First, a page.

Ah, “Love Actually.” What a light, Christmastime rom-com.

There’s no reason to do an in-depth analysis. Absolutely no one would consider breaking down the film’s sense of culture, and more importantly, its understanding and portrayal of love’s multifarious configurations and underpinnings.


Wrong. We know no grander mission.

And so, with the fireplace crackling and Christmas lights twinkling, we took a close look at the movie’s intertwining storylines, visualized below.


In our viewing, we lauded the way “Love Actually” keenly integrates its own media — through Billy Mack’s appearances on radio and television — while it also references outside films (“The Titanic” and “James Bond”), books (“Sherlock Holmes” and “Harry Potter”), and music (Joni Mitchell’s role is crucial).

We noted its inclusion of unrequited love (Mark and Juliet), interracial love (Juliet and Peter, Joanna and Sam), love across languages (Jamie and Aurelia), countries (Colin, Tony and the Americans), love despite status (the Prime Minister and Natalie), love after death (Daniel and Carol), brotherly love (Billy Mack and Joe), actual sibling love (Karen and the Prime Minister), and a few more varieties. Same-sex love isn’t well-represented, and is even belittled when Joe says that Billy turned gay after being with Elton John for a short time.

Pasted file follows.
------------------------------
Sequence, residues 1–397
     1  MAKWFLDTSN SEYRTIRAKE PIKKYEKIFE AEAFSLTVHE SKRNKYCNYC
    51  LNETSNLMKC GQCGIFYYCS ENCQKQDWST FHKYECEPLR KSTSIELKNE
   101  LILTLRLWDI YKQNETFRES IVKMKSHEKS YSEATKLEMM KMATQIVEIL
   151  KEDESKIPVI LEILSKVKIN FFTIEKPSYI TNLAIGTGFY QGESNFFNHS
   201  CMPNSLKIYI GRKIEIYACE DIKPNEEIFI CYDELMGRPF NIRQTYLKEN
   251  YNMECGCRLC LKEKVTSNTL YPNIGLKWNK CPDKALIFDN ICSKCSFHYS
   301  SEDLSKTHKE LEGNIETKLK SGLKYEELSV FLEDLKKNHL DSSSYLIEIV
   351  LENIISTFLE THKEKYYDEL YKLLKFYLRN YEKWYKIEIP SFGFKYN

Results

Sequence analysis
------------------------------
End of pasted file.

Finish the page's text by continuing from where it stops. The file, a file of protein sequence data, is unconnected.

But for a movie 136 minutes long, “Love Actually” represents an admirable effort to illustrate (in a commercially viable way) a varied love landscape.

And now with our handy infographic, that love landscape is actually illustrated. What more could you wish for?